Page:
- How much time the water spends in the pipes
What are the health effects of lead in drinking water?
The Safe Drinking Water Act empowers the EPA to establish the level of contaminants that can be allowed in drinking water without causing any health effects. These levels are referred to as maximum contaminant level goals (MCLGs). Because lead is a highly toxic metal, the MCLG has been set at zero.
Children, infants, and even fetuses are especially susceptible to the physical effects of lead contamination in water. An amount of lead that would have no effect on an adult can adversely affect the young ones. Low levels of lead exposure in children have been linked to some serious health issues including learning disabilities, impaired hearing, short stature, damaged central nervous system, and even impairment in the formation of blood cells.
One of the things that makes lead dangerous is its persistence – it can accumulate in the body over time and eventually cause serious health issues. This makes it very dangerous even at seemingly negligible levels. According to the CDC, the symptoms of lead can actually occur slowly over time and this is probably why it is often overlooked until it advances to fatal levels. As lead continues to build up in adults, it can result in anemia, brain damage, kidney failure, and even death. Additionally, long exposure to lead can open the door for other opportunistic conditions like high blood pressure, kidney diseases, infertility or reduced fertility, and heart disease. Some of the symptoms of prolonged exposure of lead include;
- Abdominal pain
- Being easily distracted
How to know if your drinking water is contaminated with lead?
You can neither see nor smell lead in water. Not to worry though – there are two methods that you can use to know for sure if your water is contaminated with lead;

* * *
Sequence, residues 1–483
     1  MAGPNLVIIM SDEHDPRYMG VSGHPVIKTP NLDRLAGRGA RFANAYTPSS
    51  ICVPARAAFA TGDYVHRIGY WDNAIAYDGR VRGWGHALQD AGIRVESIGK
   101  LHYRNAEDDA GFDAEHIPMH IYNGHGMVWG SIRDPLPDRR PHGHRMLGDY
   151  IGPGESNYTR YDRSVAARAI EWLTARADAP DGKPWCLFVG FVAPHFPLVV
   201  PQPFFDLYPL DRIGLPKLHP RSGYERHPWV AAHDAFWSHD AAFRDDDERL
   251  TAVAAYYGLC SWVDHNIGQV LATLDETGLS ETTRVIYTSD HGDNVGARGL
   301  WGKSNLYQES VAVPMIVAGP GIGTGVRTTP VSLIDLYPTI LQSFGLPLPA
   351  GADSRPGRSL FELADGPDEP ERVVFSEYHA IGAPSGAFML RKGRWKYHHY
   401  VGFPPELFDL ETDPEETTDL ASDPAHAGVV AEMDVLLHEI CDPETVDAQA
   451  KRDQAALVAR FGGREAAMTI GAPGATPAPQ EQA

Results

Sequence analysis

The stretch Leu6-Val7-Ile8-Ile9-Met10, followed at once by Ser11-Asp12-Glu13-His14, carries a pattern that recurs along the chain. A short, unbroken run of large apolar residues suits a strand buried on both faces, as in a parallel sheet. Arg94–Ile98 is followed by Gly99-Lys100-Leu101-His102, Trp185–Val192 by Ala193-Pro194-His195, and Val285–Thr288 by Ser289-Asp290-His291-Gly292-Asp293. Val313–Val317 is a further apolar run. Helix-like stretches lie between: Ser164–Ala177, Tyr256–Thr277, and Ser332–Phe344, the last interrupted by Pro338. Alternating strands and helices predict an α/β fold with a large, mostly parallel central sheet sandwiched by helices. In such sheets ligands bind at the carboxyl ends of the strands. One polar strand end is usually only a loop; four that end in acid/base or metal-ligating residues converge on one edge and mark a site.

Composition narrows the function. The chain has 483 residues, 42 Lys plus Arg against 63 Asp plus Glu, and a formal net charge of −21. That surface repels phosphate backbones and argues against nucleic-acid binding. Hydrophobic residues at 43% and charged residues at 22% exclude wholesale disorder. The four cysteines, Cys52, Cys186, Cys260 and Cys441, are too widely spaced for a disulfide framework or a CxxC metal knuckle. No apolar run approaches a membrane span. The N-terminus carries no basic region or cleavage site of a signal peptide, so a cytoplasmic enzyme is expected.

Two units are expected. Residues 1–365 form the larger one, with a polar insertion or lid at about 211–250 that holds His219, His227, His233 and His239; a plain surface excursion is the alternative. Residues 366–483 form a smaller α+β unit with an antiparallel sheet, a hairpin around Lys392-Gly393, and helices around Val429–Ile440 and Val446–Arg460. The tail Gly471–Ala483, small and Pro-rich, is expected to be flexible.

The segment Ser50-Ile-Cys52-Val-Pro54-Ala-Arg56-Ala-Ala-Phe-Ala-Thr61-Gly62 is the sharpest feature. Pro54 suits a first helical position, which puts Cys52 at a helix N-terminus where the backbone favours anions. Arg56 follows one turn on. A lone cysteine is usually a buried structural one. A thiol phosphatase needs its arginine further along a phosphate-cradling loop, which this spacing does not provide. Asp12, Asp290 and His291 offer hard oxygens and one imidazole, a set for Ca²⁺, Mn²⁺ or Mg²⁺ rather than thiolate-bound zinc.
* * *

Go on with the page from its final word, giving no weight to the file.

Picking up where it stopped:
- Check the consumer confidence report
The EPA expects any community water system to prepare an annual consumer confidence report (CCR). Just get in touch with your water utility and ask them for the latest CCR and they should send you a copy. However, this is only possible if you are connected to a public water supply system. For private well owners, use the second method.
- Test your water
Testing your water for lead is the surest way of knowing if you have lead contamination. Get a list of the certified labs in your area from state or local drinking water authority. Depending on your location and lab of choice, the test will cost you anything from $20-$100. It might also be helpful if you can ask your water supplier for further details, e.g. if or not you have lead pipes.
Alternatively, you can test the water yourself by purchasing DIY water analysis kit. These are usually pretty affordable (less than $35). Here is a link to one that I really like. I love this kit because it can test for at least 10 different contaminants including lead, pesticides, iron, copper, nitrates and nitrites, chlorine, and bacteria.
What to do if my drinking water has lead?
If you have ascertained or are just suspicious that your water is contaminated with lead, it is important to take some precautionary measures to safeguard your family. Here are some important steps to take;
- Install a water filter
As we have already established, a lead filter can remove lead in water – as long as you get the right one and install it correctly. You have lots of options and the only important consideration is to ensure the water filter you settle for has been certified by an independent testing body (preferably the NSF). When installing the filter, read the directions carefully and make sure to install it the correct way. Also, adhere to the instructions of replacing your cartridge. Failure to replace the cartridge in time will render the water filter ineffective in removing lead from your drinking water. Also, avoid passing hot water through your filter.
- Flush your water
Lead contamination in water gets worse when water stays in the pipes for too long. You can reduce the exposure to lead by flushing your water, especially if the water has been in the pipes for over 6 hours. When drinking water from your faucets, run the faucet on cold for at least 2 minutes. Additionally, only drink or cook with water from the cold tap. Tap hot or even warm water will have higher lead contamination and no, boiling it will not remove the lead.
- Use bottled water
Even though drinking EPA-regulated tap water is almost always safer than drinking bottled water, you might want to stop drinking the tap water as soon as you discover you have a lead problem – at least until you have dealt with the issue by installing a water filter. Using bottled water should only be a temporary solution as you get a water filter installed because filtered water is a more sustainable solution.